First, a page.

MSL_LAB3 Stress and Strain - MANE-4040 MECHANICAL SYSTEMNS...

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MANE-4040 MECHANICAL SYSTEMNS LABORATORY (MSL) Lab Report Cover Sheet Title of Lab: _Stress and Strain Measurement ________________ Section Tu, W(am), W(pm), Th : _4 ________________________________________ Group ID (A, B, C, D, E ): _E ________________________________________ Submitted by Group Leader: _Adam Larouche ____________________________ Group Member: 1 _Dan Garr ________________________________ Group Member: 2 _Carl Hansen _____________________________ Group Member: 3 _Sam Harrington __________________________ Group Member: 4 _Adam Larouche __________________________ Group Member: 5 _Matt Wilcox _____________________________ Lab Scheduled Date: _2/21/2008 _________________________________ Lab Report Due Date: _3/6/2008 __________________________________ Lab report Received Date (by TA): __________________________________________ Late Penalty Points (by TA): __________________________________________ Section Possible Points Points Given Abstract 10 10 Introduction 10 9 Experimental Procedures 15 14 Results 25 24 Discussion of Results 25 22 Conclusions 15 15 Total 100 94
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Abstract: In this report, the results of polycarbonate and aluminum tensile tests were used to understand how loading conditions affect material properties such as the Young’s modulus, yield strength, ultimate strength and strain to failure. The report details the procedure of using an Instron machine to perform the test and LABView software to record the data. From the recorded data, engineering stress vs. engineering strain plots were created for each test. This report includes a presentation and in-depth analysis of these plots as they relate to each other and previously determined results. Also included is a brief empirical analysis of relaxation mechanics. A discussion of results concludes the report. Introduction: This experiment involved testing the tensile strengths of polymer and aluminum samples. To do this, a load was applied by the Instron machine, and the deformation of the sample bar was measured accordingly. There were two ways to measure the deformation: to measure the deflection of the machine as it is applying the load, and to attach an instrument (an extensometer) to measure the strain in the specific region where the deformation takes place. The extensometer measures the deformation more accurately because it measures only a specific region of the specimen that has been pre-measured while the Instron machine measures the deformation of the machine itself, as well as the deformation of the whole specimen. It is important to relate the load applied and the deformation of the specimen. Engineering strain, ε , is the deformation, L divided by the original length of the specimen, 0 L . 0 L L = ε However, engineering strain does not take into account the reduction in cross-sectional area as the sample is deformed. Logarithmic strain, which is defined as ε , is the deformation of the specimen taking into account the reduction of cross-sectional area as the specimen is deformed. Logarithmic strain can be calculated by: ) 1 ln( + = tr True stress, σ , is the stress that relates to the logarithmic strain: E P tr tr σ = = i A where P is the load applied, E is the elastic modulus of the material, and A i is the cross-sectional area at an instant of time. The elastic modulus, E, is of interest, and it is desired to calculate it. However, we don’t know what A i and σ are, so we need to use engineering stress, s, which can be calculated by: E A P = = where A is the initial cross-sectional area.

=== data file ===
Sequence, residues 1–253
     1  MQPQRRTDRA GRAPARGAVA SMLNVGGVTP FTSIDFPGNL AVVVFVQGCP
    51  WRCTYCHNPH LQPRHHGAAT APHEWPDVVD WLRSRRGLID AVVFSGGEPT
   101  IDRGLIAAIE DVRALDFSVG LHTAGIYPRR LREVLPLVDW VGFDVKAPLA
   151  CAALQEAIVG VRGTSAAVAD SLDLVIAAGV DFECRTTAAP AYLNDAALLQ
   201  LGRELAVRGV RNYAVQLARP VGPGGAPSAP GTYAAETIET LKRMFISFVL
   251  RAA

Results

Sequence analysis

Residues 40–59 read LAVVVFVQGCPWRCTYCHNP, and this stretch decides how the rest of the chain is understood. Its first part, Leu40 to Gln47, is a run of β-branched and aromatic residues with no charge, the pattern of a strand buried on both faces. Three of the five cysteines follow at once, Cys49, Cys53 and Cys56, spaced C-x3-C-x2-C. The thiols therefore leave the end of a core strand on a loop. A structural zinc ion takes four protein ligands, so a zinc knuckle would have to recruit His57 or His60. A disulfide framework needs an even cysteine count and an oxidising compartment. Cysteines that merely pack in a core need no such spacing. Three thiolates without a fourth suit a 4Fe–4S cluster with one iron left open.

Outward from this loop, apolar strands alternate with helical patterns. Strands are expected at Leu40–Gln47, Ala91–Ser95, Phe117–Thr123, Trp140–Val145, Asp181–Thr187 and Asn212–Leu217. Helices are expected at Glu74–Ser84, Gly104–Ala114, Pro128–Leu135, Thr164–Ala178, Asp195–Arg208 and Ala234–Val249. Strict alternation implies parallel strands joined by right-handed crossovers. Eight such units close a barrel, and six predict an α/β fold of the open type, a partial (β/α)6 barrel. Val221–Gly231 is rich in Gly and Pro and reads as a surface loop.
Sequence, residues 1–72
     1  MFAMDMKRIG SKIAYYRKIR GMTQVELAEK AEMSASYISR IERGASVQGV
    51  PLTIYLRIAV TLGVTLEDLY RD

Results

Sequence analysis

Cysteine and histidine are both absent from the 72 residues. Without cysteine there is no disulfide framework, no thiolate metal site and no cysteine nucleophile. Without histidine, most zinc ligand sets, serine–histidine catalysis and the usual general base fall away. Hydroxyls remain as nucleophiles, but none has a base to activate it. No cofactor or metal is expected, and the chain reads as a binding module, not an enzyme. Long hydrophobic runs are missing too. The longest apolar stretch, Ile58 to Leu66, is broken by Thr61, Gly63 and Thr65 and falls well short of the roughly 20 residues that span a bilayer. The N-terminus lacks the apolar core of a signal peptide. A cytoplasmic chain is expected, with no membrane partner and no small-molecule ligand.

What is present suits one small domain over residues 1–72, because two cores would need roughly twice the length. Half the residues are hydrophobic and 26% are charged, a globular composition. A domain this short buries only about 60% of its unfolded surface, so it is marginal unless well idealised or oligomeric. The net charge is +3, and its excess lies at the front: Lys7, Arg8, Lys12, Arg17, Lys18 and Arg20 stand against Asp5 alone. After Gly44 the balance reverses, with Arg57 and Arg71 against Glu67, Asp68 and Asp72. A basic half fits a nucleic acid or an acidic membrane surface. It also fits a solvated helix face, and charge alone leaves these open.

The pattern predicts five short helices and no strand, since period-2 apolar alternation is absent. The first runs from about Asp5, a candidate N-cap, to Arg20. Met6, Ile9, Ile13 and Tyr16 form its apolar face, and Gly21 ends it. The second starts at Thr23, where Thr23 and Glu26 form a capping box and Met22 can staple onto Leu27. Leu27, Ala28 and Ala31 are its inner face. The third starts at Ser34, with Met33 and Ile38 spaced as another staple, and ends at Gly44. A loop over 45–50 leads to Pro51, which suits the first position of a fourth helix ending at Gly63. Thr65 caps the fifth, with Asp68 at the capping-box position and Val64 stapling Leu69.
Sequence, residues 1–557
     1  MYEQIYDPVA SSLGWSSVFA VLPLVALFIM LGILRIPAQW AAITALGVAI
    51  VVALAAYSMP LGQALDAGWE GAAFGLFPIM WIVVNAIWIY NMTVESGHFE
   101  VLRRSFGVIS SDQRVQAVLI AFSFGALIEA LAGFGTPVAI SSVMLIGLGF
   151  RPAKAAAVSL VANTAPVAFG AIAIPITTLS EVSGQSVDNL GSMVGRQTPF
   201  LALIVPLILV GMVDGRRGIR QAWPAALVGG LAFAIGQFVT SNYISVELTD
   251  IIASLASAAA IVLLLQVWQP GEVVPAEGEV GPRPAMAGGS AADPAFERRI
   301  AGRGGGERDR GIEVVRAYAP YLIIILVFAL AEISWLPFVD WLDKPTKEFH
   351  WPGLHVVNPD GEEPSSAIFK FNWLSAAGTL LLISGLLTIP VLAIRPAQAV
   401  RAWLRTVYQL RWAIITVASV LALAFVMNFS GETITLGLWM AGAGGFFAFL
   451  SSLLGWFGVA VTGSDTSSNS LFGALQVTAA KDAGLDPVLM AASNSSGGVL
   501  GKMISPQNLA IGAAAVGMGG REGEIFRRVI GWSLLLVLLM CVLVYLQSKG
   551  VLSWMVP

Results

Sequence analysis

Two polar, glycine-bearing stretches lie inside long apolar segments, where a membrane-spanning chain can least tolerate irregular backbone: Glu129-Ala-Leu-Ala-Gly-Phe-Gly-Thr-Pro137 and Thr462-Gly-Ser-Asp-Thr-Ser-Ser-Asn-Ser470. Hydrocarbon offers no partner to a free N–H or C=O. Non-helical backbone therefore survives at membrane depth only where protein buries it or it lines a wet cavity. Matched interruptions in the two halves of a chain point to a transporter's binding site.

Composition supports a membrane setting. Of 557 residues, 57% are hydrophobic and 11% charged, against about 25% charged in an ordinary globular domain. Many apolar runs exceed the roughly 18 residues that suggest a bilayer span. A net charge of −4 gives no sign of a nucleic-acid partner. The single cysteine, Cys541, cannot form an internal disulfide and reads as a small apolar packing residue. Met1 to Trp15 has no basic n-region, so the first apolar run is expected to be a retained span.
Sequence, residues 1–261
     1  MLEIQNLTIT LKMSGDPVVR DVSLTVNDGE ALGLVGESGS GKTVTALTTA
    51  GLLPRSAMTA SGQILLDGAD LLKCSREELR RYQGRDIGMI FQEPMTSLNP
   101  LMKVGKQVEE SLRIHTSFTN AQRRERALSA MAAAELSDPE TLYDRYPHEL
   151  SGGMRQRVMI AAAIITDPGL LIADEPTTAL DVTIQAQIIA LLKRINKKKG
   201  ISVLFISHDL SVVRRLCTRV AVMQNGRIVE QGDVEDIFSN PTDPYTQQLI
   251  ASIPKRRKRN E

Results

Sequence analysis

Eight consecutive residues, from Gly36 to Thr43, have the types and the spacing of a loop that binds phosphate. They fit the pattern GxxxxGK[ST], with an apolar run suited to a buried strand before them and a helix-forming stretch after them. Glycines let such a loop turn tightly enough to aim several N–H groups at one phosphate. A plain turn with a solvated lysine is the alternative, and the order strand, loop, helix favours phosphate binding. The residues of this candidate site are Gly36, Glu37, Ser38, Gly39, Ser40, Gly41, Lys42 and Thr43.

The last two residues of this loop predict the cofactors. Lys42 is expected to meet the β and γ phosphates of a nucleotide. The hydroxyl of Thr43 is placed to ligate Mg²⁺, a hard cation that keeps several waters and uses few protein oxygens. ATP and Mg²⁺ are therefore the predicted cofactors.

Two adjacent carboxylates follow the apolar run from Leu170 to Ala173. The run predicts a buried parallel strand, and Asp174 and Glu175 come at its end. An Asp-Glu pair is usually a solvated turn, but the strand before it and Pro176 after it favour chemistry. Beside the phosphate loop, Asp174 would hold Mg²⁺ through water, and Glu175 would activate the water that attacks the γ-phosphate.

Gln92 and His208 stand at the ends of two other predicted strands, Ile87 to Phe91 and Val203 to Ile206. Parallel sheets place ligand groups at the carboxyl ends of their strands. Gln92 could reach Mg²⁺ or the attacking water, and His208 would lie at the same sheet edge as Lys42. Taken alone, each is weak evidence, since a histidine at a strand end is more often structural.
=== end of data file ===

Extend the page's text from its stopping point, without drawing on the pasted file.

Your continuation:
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MSL_LAB3 Stress and Strain - MANE-4040 MECHANICAL SYSTEMNS...

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